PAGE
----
vehicle). You cannot deduct fines you paid for traffic violations, any amount
that is eligible for reimbursement from your employer or, if you are an
employee, interest paid on a vehicle loan (this interest is treated as personal
If the vehicle was used only partly for business, expenses must
be allocated between personal and business use. You will usually use a
percentage based on miles driven for business purposes during the year over
total number of miles driven during the year.
Not all commuting miles are
treated the same for tax purposes and they may not be considered to be for
business purposes. Your costs of driving a vehicle between your home and your
main or regular place of work are personal commuting expenses and are not
deductible, no matter how far your home is from your regular place of work and
regardless whether you worked during the commuting trip. For example, if you
make business calls on your cell phone while driving or you have a business
associate riding with you and you discuss business on the way to work, this does
not change the regular commute from a personal expense to a business expense.
Additionally, if you have a business advertisement on your car or if you haul
tools or instruments in your car while commuting to and from work, the regular
commute is still considered a personal expense.
Although regular commuting
to and from work is not deductible, commuting miles may count as business use if
your home is your office, if you are working out of a temporary location, or if
you work in two or more different places during the day.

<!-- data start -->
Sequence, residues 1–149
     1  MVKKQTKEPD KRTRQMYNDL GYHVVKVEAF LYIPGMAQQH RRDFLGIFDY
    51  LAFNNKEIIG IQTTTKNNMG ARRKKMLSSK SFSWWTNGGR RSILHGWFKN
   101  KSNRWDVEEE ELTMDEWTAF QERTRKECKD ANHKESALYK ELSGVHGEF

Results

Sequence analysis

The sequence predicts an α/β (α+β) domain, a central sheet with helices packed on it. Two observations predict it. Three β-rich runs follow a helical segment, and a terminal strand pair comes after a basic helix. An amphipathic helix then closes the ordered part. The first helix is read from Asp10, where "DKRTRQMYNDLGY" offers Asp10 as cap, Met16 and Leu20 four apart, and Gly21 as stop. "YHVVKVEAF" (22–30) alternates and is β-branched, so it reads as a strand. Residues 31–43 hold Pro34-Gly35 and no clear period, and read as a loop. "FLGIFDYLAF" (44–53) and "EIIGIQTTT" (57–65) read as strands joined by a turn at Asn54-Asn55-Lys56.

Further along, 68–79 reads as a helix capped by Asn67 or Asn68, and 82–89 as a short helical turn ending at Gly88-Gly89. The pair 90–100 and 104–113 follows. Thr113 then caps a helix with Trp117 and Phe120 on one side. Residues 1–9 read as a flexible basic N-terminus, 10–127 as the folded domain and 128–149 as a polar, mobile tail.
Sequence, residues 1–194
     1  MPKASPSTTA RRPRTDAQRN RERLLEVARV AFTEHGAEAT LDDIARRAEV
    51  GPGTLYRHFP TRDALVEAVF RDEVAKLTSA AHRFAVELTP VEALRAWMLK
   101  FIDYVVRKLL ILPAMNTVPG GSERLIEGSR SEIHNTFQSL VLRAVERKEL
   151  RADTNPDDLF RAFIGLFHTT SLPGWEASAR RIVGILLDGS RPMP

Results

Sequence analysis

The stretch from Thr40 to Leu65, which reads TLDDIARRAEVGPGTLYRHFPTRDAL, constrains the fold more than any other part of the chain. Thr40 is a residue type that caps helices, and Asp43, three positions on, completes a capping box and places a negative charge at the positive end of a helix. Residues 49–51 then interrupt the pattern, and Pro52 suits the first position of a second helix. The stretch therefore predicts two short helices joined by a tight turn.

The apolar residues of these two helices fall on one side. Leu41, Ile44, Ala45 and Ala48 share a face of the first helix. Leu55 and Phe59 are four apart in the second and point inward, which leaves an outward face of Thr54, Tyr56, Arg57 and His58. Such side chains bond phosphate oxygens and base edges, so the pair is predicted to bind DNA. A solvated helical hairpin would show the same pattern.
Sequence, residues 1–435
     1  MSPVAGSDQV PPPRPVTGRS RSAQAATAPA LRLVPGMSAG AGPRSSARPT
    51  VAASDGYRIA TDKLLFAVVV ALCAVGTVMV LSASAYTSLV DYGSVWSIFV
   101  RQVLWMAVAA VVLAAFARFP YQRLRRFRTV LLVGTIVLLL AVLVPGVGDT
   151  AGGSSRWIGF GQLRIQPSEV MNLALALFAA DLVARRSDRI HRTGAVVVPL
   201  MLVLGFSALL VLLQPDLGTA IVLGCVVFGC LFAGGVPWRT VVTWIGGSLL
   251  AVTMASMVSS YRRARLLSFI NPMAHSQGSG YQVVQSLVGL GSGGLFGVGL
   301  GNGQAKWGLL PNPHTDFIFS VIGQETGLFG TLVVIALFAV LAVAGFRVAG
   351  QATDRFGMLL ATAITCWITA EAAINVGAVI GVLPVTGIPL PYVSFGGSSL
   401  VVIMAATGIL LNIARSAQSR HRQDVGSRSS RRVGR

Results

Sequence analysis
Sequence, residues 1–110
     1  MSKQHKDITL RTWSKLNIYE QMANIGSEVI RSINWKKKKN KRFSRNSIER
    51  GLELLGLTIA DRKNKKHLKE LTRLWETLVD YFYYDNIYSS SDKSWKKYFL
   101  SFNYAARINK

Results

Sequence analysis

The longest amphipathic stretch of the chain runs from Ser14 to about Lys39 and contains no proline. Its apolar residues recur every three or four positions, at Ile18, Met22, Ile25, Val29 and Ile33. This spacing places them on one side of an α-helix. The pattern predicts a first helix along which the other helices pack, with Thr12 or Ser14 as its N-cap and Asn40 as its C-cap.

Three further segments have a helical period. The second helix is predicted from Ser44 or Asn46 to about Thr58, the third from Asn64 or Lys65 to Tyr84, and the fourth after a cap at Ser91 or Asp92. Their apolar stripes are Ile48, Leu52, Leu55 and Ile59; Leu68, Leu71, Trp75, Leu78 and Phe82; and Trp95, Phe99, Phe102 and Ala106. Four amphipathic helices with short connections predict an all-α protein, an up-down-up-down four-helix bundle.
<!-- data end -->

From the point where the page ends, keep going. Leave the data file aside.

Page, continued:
- If you have a qualifying home office for your business, the
round-trips between your office and your client's place of business.
have no regular office and you do not have an office in your home. In this case,
the location of your first business contact is considered your office.
Transportation expenses between your home and this first contact are
nondeductible commuting expenses. Transportation expenses between your last
business contact and your home are also nondeductible commuting expenses.
Although you cannot deduct the costs of these trips, you can deduct the costs of
going from one client or customer to another.
- You regularly work in an
office in the city where you live. Your employer sends you to a one-week
training session at a different office in the same city. You travel directly
from your home to the training location and return each day. You can deduct the
cost of your daily round-trip transportation between your home and the training
- You do not have a regular place of work but you ordinarily
work in the metropolitan area where you live. You can deduct your daily
transportation costs between your home and a temporary work site if it is
outside that metropolitan area.
- You work at two places in one day.
Whether or not you work for the same employer, you can deduct your expense of
getting from one workplace to the other. However, if for some personal reason
you do not go directly from one location to the other, you cannot deduct more
than the amount it would have cost to go directly from the first location to the
Fees you pay to park a vehicle at work or tolls paid to get
to work are nondeductible commuting expenses. However, business-related parking
fees and tolls are deductible (for example, when visiting a customer, traveling
to a temporary work location, attending a seminar, or when looking for a job in
a related field) whether you take the standard mileage method or actual expenses
Contact your neighborhood Jackson Hewitt office for more
information or assistance. Use our Office
Locator or call 1-800-234-1040 to find the Jackson Hewitt location most
convenient to you.